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RSV (bronchitis and viral pneumonia) in infants associated with low vitamin D and antibiotics – Aug 2015

Natural history and epidemiology of respiratory syncytial virus infection in the Middle East: Hospital surveillance for children under age two in Jordan

Vaccine, In Press, Uncorrected Proof, Available online 24 August 2015
Natasha Halasa, John Williams, Samir Faouri, Asem Shehabi, Sten H. Vermund, Li Wang, Christopher Fonnesbeck, Najwa Khuri-Bulos

Respiratory syncytial virus (RSV) is the leading cause of bronchiolitis and viral pneumonia in infants and young children worldwide. In the Middle East and Arab countries, the burden of RSV-associated hospitalizations is not well characterized. We sought to determine the burden and clinical/epidemiological characteristics of RSV hospitalization in young children in Amman, Jordan. We investigated risk factors for severity including vitamin D levels.

Methods: We conducted viral surveillance with clinical and demographic data in children <2 years admitted with respiratory symptoms and/or fever at the Al-Bashir Government Hospital from March16, 2010 to March 31, 2013. Nasal/throat swabs were obtained and placed into lysis buffer, and frozen at −80 °C until testing by real-time RT-PCR for 11 respiratory viruses. Heel stick blood or sera samples for 25-hydroxyvitamin D 25(OH)D levels were obtained and sent to a central laboratory for mass spectrometry.

Results: Of the 3168 children, >80% testing positive for one virus, with RSV the most common virus detected (44%). The RSV-associated hospitalization rate was highest in children <6 months with an annual range of 21.1–25.9 per 1000, compared to 6.0–8.0 in 6–11-month-olds and 1.6–2.5 in 12–23-month-olds. RSV-positive children compared with RSV-negative were more likely to be previously healthy without underlying medical conditions, less likely to be born prematurely, had a higher frequency of supplemental oxygen use, and had lower median vitamin D levels. Risk factors for oxygen use in RSV-positive children included underlying medical conditions, lack of breastfeeding, younger age, and higher viral load.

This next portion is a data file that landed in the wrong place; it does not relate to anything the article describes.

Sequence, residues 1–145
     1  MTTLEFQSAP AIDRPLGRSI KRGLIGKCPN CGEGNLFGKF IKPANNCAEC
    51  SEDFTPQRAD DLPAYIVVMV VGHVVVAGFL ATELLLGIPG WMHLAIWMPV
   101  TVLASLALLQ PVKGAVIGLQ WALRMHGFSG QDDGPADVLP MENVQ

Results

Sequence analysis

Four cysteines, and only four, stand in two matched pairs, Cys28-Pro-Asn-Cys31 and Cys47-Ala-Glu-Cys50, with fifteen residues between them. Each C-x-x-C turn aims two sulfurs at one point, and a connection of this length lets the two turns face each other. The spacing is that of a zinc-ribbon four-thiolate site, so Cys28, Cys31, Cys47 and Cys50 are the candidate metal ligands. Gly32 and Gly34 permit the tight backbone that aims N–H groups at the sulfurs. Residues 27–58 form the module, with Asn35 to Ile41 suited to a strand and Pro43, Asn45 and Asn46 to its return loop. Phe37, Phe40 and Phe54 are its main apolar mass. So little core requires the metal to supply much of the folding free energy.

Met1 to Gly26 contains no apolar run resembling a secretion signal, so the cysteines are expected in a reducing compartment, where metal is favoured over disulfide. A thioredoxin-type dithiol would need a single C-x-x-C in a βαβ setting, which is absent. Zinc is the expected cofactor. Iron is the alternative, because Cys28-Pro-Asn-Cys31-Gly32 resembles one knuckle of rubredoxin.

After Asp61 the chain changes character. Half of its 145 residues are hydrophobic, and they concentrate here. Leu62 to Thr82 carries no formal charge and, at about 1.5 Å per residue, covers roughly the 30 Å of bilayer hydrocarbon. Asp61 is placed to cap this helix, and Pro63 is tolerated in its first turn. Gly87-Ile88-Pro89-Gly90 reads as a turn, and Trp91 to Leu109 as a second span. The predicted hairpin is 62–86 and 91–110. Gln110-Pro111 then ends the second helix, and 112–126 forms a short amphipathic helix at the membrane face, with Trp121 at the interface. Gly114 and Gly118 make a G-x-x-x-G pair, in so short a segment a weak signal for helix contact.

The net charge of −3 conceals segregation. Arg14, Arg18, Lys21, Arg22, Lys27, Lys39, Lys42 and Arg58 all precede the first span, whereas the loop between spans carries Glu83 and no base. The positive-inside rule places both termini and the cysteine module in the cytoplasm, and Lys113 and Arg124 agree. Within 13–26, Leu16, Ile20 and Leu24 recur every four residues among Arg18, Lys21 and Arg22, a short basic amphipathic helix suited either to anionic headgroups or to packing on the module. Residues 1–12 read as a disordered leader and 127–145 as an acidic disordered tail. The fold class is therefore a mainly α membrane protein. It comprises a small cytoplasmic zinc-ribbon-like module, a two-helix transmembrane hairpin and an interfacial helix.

Conclusion: RSV is a major cause of illness in hospitalized Jordanian children and is associated with increased severity compared to other respiratory viruses. Children with RSV in the Middle East would benefit from future RSV vaccines and antiviral therapy.

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RSV detection more often when vitamin D levels are typically low

RSV strongly associated with previous use of antibiotics as well as low vitamin D

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Low vitamin D in children is associated with a wide range of breathing problems

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  • R.S.V.? She Hadn’t Heard of It. Then Her Child Was Hospitalized New York Times Jan 2018
    "While it affects both children and adults, it is most dangerous — and can even be fatal — in babies who are born prematurely and people with weak immune systems, heart disease or lung disease. But even babies who were born full-term and healthy can develop severe symptoms . . "
    "Each year, on average, the virus results in more than 57,000 hospitalizations among children younger than 5, according to the Centers for Disease Control."
    "There is no antiviral therapy for R.S.V., and there isn’t a vaccine: Children are typically treated with hydration, nasal suctioning and oxygen."
    An immunoglobulin therapy called Synagis costing $5,000 provides some degree of protection
    Protection by Vitamin D is not mentioned in the article

Attached files

ID Name Comment Uploaded Size Downloads
5867 RSV T2B.jpg admin 01 Sep, 2015 14:53 4.92 Kb 722
5866 RSV T2A.jpg admin 01 Sep, 2015 14:52 31.22 Kb 897
5865 RSV F1.jpg admin 01 Sep, 2015 14:52 20.77 Kb 916
5864 RSV.pdf PDF 2015 admin 01 Sep, 2015 14:51 499.40 Kb 963